Increasing Coverage Gaps

Warranty and indemnity insurance will not cover the buyer for all possible losses which may arise. During negotiations, the insurer will pro-actively review the sale and purchase agreement to ensure that warranties are negotiated on an arm's length basis. In particular, the insurer will seek to exclude liability for the following:

  • Due Diligence & Disclosure – Insurance cannot be obtained as a replacement for conducting a full and thorough due diligence process or the seller undertaking a comprehensive disclosure process. This can be an issue for trade buyers when due diligence is conducted in-house, making it harder to demonstrate to the insurer that a full and thorough due diligence process has been conducted.
  • Forward Looking Warranties – Sellers and insurers will generally resist any forward looking statement contained within the suite of warranties.
  • Tax Liabilities – Insurers are particularly cautious with regard to tax warranties and will carve out any potential secondary tax liabilities and transfer pricing.
  • Fraud – Any losses arising from fraud or fraudulent misrepresentation will not be covered. It is important to ensure that the seller remains liable for such losses under the sale and purchase agreement.
  • Other Liabilities – Most insurers will seek to exclude liability for pension underfunding, consequential or indirect losses, high risk liabilities (e.g. environmental claims), fines and penalties, unaudited accounts and known risks and liabilities.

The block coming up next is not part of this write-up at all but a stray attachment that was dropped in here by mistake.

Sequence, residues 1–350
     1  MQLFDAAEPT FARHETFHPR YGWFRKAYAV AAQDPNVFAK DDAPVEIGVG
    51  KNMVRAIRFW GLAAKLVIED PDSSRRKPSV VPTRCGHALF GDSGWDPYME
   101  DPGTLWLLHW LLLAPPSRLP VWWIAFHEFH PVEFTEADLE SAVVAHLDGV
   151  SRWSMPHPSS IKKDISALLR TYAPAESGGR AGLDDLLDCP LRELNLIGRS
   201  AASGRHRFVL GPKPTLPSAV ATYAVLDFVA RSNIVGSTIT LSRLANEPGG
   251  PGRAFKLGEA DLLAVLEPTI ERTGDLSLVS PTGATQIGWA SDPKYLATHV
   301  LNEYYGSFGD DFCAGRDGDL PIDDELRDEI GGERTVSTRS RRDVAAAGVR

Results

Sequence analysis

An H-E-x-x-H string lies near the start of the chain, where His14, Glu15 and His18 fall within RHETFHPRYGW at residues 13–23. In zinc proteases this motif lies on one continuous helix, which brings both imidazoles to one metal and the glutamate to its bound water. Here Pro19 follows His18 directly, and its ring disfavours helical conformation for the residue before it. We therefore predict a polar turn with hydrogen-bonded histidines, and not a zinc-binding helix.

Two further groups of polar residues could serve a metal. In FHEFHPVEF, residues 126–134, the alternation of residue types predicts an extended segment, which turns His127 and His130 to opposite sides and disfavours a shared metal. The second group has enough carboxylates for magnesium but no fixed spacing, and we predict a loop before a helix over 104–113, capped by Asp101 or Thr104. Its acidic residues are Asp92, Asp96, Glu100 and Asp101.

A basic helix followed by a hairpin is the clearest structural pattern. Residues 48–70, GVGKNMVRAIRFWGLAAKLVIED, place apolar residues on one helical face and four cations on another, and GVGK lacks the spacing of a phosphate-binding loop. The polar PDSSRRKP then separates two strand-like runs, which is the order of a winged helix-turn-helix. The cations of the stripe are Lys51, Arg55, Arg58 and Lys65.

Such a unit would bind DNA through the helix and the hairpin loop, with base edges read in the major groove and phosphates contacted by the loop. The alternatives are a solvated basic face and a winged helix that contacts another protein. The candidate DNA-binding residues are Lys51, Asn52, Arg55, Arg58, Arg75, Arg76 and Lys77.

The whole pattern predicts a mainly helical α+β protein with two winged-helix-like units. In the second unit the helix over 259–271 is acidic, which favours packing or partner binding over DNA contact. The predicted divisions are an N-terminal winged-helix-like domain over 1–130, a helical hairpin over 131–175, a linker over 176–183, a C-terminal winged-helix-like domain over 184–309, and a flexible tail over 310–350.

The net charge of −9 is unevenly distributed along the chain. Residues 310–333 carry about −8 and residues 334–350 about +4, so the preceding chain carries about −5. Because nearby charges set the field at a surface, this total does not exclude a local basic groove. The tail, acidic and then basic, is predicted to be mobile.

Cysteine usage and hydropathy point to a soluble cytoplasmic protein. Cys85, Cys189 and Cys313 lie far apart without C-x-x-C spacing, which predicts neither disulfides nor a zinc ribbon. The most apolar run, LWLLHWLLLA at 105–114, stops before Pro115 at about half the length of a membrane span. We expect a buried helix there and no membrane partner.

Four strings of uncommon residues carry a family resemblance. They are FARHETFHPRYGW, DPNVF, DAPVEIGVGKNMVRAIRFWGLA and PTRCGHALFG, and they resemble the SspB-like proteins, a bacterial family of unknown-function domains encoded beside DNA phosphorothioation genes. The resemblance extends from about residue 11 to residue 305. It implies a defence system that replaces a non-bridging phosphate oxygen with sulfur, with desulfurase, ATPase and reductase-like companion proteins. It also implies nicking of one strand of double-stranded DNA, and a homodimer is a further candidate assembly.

Gaps in cover seem to be increasing in recent years. Underwriters review warranty wording particularly closely and increasingly exclude or partially cover certain warranties. A seller might plug some of these gaps, but if not this can leave the buyer with insufficient protection. The question is whether such gaps will decrease as buyers push back and insurance returns to its original raison d'être – as a product to bridge gaps in liability.


While warranty and indemnity insurance offers comfort to buyers that they have a secure recourse for insured losses, buyers must negotiate the transaction with complete awareness of excluded liabilities. Once the presented risk is apparent, the buyer should consider whether it will accept the risk, seek to obtain additional coverage from the seller for excluded liabilities or ultimately reduce the purchase price to mitigate the exposure. On occasions, the greatest risk of loss may not be covered by insurance and the retention of completion funds during the claim period can adequately deal with the concerns of the buyer (providing the seller is willing to accept a holdback).

Buyers should enter into insurance negotiations with confidence and not necessarily accept draft insurance policies at face value. We have seen insurers continue to offer more bespoke coverage for lower premiums and broaden coverage to higher risk elements of the transaction in limited transactions. Warranty and indemnity insurance continues to be a fast evolving area and it may be that now is the time that it re-calibrates to provide wider buyer cover, as it once did and was originally intended to do.

The content of this article is intended to provide a general guide to the subject matter. Specialist advice should be sought about your specific circumstances.